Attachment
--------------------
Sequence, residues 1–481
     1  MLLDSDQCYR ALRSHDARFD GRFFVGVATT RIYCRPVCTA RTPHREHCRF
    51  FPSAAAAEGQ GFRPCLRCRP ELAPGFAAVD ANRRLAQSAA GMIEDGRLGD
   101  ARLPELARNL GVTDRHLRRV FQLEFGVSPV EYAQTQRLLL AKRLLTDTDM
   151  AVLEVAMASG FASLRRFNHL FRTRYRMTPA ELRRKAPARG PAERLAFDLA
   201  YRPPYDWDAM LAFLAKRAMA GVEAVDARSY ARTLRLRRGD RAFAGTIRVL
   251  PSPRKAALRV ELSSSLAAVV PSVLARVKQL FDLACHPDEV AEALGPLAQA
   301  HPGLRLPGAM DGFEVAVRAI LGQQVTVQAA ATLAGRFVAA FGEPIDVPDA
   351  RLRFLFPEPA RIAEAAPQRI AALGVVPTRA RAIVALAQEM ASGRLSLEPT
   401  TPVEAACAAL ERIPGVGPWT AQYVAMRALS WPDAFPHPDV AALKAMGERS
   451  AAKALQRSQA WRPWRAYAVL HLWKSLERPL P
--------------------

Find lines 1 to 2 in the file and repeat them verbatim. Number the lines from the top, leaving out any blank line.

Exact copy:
Sequence, residues 1–481
     1  MLLDSDQCYR ALRSHDARFD GRFFVGVATT RIYCRPVCTA RTPHREHCRF